Curbing fraud and money laundering are top of the international regulatory and political agenda. It is widely acknowledged that private financial institutions have a part to play, but the scope of their legal responsibility is not always clear. This article pulls together three recent high-profile decisions which clarify the standards currently expected of banks, in particular, and the financial services sector more generally.
Daiwa v Singularis1 – suspend suspicious payment requests until you have made reasonable enquiries to satisfy yourself that the payments can be properly made (Quincecare duty).
Earlier this month, the Supreme Court dismissed an appeal and held a bank (Daiwa) liable to its customer (Singularis) for breach of its Quincecare duty. Banks have a contractual obligation to perform the authorised instructions of their customers. They also owe a duty of care, not to execute a customer’s instruction if the bank knows (or should know) that the instruction is dishonestly given2. This is known as the Quincecare duty of care.
By the time this case reached the Supreme Court, there was no dispute about whether or not a Quincecare duty was owed by the bank. Instead, the bank sought to deflect liability for breach of this duty by demonstrating that the fraudulent mind of the person authorised to instruct the bank (who was also the Chairman, sole shareholder and the “directing mind” of the company), should be attributed to the bank’s corporate customer, Singularis. If the court allowed this attribution, the bank hoped to avoid liability by raising the defences of illegality; lack of causation; and an equal and opposite claim for deceit.
The Supreme Court was not prepared to attribute the instructing individual’s fraudulent mind to Singularis and held that the proposed defences would have failed in any event. It also explained, obiter dicta, what the bank should have done. In this case it was clear that the bank was aware of the fraudulent intent behind the instructions it received: “…everyone [at the bank] recognised the account needed close monitoring but no one exercised that level of care”. The bank “should have realised that something suspicious was going on and suspended the payment until it had made reasonable enquiries to satisfy itself that the payments were properly made”.
Federal Republic of Nigeria v JP Morgan3 – The Quincecare duty can only be excluded by very clear words.
The Federal Republic of Nigeria (“FRN”) claims the bank paid out $876m (on the instructions of an authorised individual) and that these payments were made as part of a corrupt purchase of oil production licences. The bank applied for strike out and / or reverse summary judgment on the basis that it had expressly excluded the Quincecare duty of care via various clauses in the depositary agreement entered into by the FRN.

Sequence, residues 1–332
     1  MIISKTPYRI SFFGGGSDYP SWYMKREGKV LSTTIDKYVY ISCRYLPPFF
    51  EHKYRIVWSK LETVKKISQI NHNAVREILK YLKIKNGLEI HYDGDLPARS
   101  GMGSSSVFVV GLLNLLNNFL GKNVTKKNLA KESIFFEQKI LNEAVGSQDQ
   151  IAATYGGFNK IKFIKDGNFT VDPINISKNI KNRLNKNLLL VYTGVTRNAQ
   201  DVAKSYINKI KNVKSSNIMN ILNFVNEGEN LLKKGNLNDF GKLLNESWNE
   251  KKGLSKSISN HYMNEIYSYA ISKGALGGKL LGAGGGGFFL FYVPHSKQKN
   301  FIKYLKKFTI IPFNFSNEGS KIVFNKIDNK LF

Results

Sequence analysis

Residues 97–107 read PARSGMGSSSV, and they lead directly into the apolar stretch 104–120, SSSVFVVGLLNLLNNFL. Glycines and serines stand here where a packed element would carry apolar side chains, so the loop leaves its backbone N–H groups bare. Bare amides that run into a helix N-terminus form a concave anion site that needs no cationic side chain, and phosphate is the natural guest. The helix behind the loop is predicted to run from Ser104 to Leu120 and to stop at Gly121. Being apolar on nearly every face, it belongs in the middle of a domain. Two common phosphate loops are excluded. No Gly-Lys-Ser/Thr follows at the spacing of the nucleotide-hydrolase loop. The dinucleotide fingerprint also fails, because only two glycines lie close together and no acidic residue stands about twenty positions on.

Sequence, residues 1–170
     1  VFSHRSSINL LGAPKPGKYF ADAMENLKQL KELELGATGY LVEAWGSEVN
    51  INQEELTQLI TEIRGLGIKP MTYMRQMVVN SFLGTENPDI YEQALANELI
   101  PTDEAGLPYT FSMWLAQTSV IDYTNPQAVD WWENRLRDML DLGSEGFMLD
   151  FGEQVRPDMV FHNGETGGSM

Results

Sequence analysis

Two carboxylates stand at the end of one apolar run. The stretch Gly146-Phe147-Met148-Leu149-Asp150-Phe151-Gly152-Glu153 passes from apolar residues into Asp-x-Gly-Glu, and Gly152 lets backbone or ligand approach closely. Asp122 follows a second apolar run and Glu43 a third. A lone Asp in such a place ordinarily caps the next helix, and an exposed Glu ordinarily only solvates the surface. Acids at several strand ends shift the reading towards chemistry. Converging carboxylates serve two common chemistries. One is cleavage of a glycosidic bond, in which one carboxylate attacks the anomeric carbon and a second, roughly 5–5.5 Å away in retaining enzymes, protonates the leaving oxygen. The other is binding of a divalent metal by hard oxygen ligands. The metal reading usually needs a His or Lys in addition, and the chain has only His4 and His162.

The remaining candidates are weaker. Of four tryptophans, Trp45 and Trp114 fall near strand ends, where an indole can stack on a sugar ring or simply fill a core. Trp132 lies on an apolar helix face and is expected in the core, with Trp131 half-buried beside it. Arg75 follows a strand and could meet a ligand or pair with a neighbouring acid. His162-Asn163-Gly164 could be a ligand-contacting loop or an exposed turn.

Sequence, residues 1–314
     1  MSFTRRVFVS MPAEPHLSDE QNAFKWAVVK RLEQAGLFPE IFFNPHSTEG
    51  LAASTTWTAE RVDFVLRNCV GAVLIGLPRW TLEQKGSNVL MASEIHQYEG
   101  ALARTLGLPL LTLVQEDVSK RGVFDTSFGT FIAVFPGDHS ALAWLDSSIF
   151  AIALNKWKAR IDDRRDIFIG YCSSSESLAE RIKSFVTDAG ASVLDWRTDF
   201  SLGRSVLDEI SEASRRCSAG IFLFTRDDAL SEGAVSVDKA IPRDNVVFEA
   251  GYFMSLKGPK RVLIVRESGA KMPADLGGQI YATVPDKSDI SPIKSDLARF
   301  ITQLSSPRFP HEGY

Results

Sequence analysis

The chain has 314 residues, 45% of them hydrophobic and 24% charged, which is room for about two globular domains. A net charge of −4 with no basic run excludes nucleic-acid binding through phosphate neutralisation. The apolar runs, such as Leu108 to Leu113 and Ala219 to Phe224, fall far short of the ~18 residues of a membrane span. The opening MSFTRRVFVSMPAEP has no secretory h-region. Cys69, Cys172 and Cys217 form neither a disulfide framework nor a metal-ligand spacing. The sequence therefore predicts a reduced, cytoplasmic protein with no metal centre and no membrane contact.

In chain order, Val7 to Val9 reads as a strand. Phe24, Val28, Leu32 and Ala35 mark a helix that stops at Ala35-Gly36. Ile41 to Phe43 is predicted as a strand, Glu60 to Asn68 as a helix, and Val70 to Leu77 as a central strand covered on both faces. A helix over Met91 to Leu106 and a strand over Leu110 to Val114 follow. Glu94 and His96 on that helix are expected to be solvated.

The High Court held that the clauses relied on by the bank did not, on a reading of the agreement as a whole, exclude the implied Quincecare duty. In October, the Court of Appeal agreed and held that: “it would need very clear words” to exclude the Quincecare duty.
N v RBS5 – terminating a client relationship where there are suspicions of money laundering.
N sued its bank for breach of contract and negligence following the bank’s decision to terminate, without notice, its contract to bank N. The bank suspected money was being laundered through N’s accounts. It froze the affected accounts; did not process the relevant payments; and terminated its relationship with N.
The contract between N and the bank obliged the bank to give notice of its intention to terminate the relationship, unless there were “exceptional circumstances”. Liability for a refusal to execute a payment instruction was also contractually excluded if that refusal was “in [the bank’s] reasonable opinion….in the interests of crime prevention…”.
The High Court upheld the bank’s decision and its reliance on these clauses, determining it a “proper response to circumstances for which N, not the Bank, must take responsibility”. Further, the bank was praised for its handling of the matter. It identified the suspicious activity; reported this to the National Crime Agency, held a series of meetings, sought legal advice in the lead up to the final decision to terminate; and made its decision rationally and in good faith, having considered the technical framework within which transactions operate. Overall, it was held to have adopted a proportionate response to the risk of money laundering6.
Comment – it’s all about balance
Neither of the recent Quincecare decisions were decided in favour of the banks. However, it is clear from Steyn J’s judgment in Quincecare that this implied duty is intended to strike a fair and reasonable balance; it should not impose unreasonable burdens on banks. Additionally, the three recent decisions considered in this article provide helpful and practical guidance on what banks should do to manage their own exposure to suspicious transactions.
- Ensure transactions are properly monitored, in a way that will enable the detection of suspicious transactions.
- Where suspicions of fraud are triggered, these should be escalated and the transaction suspended until the bank has made reasonable enquiries to satisfy itself that the payment instructions are properly made (for suspicions of money laundering the requirements in the Proceeds of Crime Act 2000 should be followed).
- A record should be kept of how and why the instruction was investigated and resolved; demonstrating the reasonable steps taken by the bank to guard against the facilitation of fraud.
- If a bank intends to expressly exclude the Quincecare duty from a banking relationship, it will need to include very clear wording in the contracts governing that relationship (probably in a specifically labelled clause).